Melting ice water flowing through boxes of melons or watermelons may be a source of foodborne pathogens if already contaminated as well as a risk factor for cross-contamination within and among pallets of this fruit. During processing cross-contamination via equipment, water or food handlers are the main risk factors for contamination of melons and watermelons with Salmonella.
Risk factors associated with contamination by Salmonella in outbreaks in the US and Canada associated with melon and watermelon consumption were wash water temperature, contaminated hydro-cooler water, damaged rind, rind fungus rot, workers’ hands and contaminated conveyor belts and equipment. Edible portions of the melon and watermelon flesh may be contaminated in the cutting or rind removal process because the knife blade may spread microbial contamination on the outside rind of the melon and watermelon to the inner edible portions. Salmonella may grow and penetrate into wound tissues in whole cantaloupe melons as well as on cut melon and watermelon and can multiply at temperatures allowing growth, without visual signs of spoilage. Unrefrigerated storage of cut melons and watermelons is likely to be an important risk factor at retail and catering including in domestic and commercial environments.
At distribution, retail and catering and in domestic and commercial environments, cross-contamination, in particular via direct or indirect contact between raw contaminated food and melons and watermelons, is a risk factor for Salmonella.
For the recommendation of possible specific mitigation options and the assessment of their effectiveness and efficiency to reduce the risk for humans posed by Salmonella in melons, the BIOHAZ Panel concluded that appropriate implementation of food safety management systems including Good Agricultural Practices (GAP), Good Hygiene Practices (GHP) and Good Manufacturing Practices (GMP) should be the primary objective of operators producing melons and watermelons. These food safety management systems should be implemented along the farm to fork continuum and will be applicable to the control of a range of microbiological hazards. Attention should be paid to the selection of the water sources for irrigation, agricultural chemical (e.g. fungicide) application. Production areas should be evaluated for hazards that may compromise hygiene and food safety, particularly to identify potential sources of faecal contamination. If the evaluation concludes that contamination in a specific area is at levels that may compromise the safety of crops, in the event of heavy rainfall and flooding for example, intervention strategies should be applied to restrict growers from harvesting or using this land for melon and watermelon production production until the hazards have been addressed. Each farm environment (including open field or greenhouse production) should be evaluated independently for hazards as it represents a unique combination of numerous characteristics that can influence the occurrence and persistence of foodborne pathogens in or near melon and watermelon growing areas.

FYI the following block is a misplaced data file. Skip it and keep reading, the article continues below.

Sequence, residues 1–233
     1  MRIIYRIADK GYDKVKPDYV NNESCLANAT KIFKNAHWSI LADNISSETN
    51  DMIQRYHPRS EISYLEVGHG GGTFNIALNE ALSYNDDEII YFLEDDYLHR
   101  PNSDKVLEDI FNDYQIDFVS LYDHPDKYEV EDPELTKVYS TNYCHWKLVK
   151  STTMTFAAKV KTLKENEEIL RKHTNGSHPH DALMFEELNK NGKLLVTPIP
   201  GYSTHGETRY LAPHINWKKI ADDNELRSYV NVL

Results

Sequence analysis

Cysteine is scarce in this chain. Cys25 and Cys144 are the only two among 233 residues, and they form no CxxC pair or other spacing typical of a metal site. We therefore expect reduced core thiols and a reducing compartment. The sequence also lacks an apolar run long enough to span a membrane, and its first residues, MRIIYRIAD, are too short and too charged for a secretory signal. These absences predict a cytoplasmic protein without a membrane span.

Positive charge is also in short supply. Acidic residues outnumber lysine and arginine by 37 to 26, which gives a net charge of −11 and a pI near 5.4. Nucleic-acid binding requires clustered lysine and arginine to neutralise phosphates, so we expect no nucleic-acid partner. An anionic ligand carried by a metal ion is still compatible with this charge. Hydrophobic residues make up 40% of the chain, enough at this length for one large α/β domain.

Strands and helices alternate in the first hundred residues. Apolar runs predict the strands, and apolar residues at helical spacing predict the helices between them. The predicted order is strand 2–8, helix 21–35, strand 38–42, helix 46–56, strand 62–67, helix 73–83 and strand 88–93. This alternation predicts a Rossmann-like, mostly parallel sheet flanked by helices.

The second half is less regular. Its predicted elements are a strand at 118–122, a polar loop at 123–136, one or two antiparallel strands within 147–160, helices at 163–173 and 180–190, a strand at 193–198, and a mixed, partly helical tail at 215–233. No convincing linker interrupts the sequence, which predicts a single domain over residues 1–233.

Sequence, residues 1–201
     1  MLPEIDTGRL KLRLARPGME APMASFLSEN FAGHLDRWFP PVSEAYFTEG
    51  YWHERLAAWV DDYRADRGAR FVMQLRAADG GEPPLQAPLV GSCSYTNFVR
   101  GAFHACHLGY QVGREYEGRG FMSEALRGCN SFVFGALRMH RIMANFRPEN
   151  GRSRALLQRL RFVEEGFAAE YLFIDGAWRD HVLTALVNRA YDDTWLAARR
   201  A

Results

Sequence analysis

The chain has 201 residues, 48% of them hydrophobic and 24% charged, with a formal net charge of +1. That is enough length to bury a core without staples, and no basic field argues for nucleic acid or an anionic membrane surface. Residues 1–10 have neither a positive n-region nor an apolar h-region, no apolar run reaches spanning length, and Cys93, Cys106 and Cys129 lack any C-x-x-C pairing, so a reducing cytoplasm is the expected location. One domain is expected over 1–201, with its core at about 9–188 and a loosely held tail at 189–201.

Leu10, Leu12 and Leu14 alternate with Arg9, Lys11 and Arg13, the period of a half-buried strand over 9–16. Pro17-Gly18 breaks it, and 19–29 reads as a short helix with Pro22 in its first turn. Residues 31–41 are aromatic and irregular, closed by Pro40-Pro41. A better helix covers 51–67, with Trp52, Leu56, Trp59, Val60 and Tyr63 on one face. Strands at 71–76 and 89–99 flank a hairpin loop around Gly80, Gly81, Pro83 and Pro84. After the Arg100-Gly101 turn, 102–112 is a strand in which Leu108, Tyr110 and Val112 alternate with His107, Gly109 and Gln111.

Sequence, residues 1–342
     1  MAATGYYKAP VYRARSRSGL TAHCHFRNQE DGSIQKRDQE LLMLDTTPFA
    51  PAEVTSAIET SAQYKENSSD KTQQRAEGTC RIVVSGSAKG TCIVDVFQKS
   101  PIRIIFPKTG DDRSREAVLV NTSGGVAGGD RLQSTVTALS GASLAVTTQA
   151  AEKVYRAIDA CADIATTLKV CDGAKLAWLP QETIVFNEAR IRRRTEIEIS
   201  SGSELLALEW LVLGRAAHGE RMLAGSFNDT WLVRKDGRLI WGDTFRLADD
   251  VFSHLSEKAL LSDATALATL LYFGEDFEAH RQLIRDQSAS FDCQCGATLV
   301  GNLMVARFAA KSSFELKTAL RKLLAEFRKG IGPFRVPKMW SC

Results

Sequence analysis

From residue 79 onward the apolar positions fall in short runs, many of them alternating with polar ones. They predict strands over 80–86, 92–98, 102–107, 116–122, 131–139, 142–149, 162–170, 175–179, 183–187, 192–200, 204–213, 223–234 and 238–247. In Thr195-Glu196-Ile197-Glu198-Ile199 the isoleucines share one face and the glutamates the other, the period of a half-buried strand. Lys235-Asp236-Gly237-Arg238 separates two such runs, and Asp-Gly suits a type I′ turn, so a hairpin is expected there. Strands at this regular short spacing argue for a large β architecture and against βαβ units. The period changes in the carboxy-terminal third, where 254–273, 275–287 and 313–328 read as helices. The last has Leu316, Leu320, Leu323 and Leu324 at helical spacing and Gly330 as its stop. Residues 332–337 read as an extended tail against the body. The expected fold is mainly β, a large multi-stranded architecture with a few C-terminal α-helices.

Among the potential interventions, both water treatment and efficient drainage systems that take up excess overflows are needed to prevent the additional dissemination of contaminated water. Since E. coli is an indicator micro-organism for faecal contamination in irrigation water, growers should arrange for periodic testing to be carried out to inform preventive measures. At primary production, assessment of risks for Salmonella contamination from the environment could inform the measures to reduce risks from previous cultivation or adjacent land use (particularly when associated with domestic animal production) as well as attractants and harbourage of wild animals and pests. Attention should be directed towards water quality since Salmonella can survive in water, including water used for irrigation and for dilution and application of agricultural chemicals. Attention should also be paid to appropriate treatment, storage and application of organic amendments if used.
Care should also be taken to prevent the use of equipment contaminated with Salmonella, particularly segregation from equipment that has come into contact with animals or their excreta. Persons handling food during harvesting or minimal processing are potential sources of Salmonella contamination, and adequate toilet and hand-washing facilities must be provided at production areas together with the exclusion of persons with symptoms of gastroenteritis. Scrupulous compliance with hand hygiene practices such as effective washing is an absolute necessity for all food supply chain employees, and should be emphasised in local codes of practice and training manuals. During minimal processing, cooling and washing, all the necessary steps to prevent contamination by Salmonella should be carried out, however these processes, at best, are aimed at preventing contamination or subsequent growth. Where contamination has occurred at primary production, even with adequately operated and monitored washing procedures, at best, only a 1 to 2 log unit reduction of Salmonella can be achieved in the final product. For Salmonella, the risk of cross-contamination during washing or hydro-cooling is reduced if the microbial quality of the water is maintained using disinfectant agents. Processing waters should be monitored to ensure that, if used, the disinfectant is present at sufficient concentrations to achieve its intended purpose. During distribution, retail, catering and handling in domestic environments, all reasonable steps should be taken to prevent cross-contamination of Salmonella from other foods, as well as from food handlers. Refrigerated storage of cut melons and watermelons is an important mitigation at retail and catering including in domestic and commercial environments.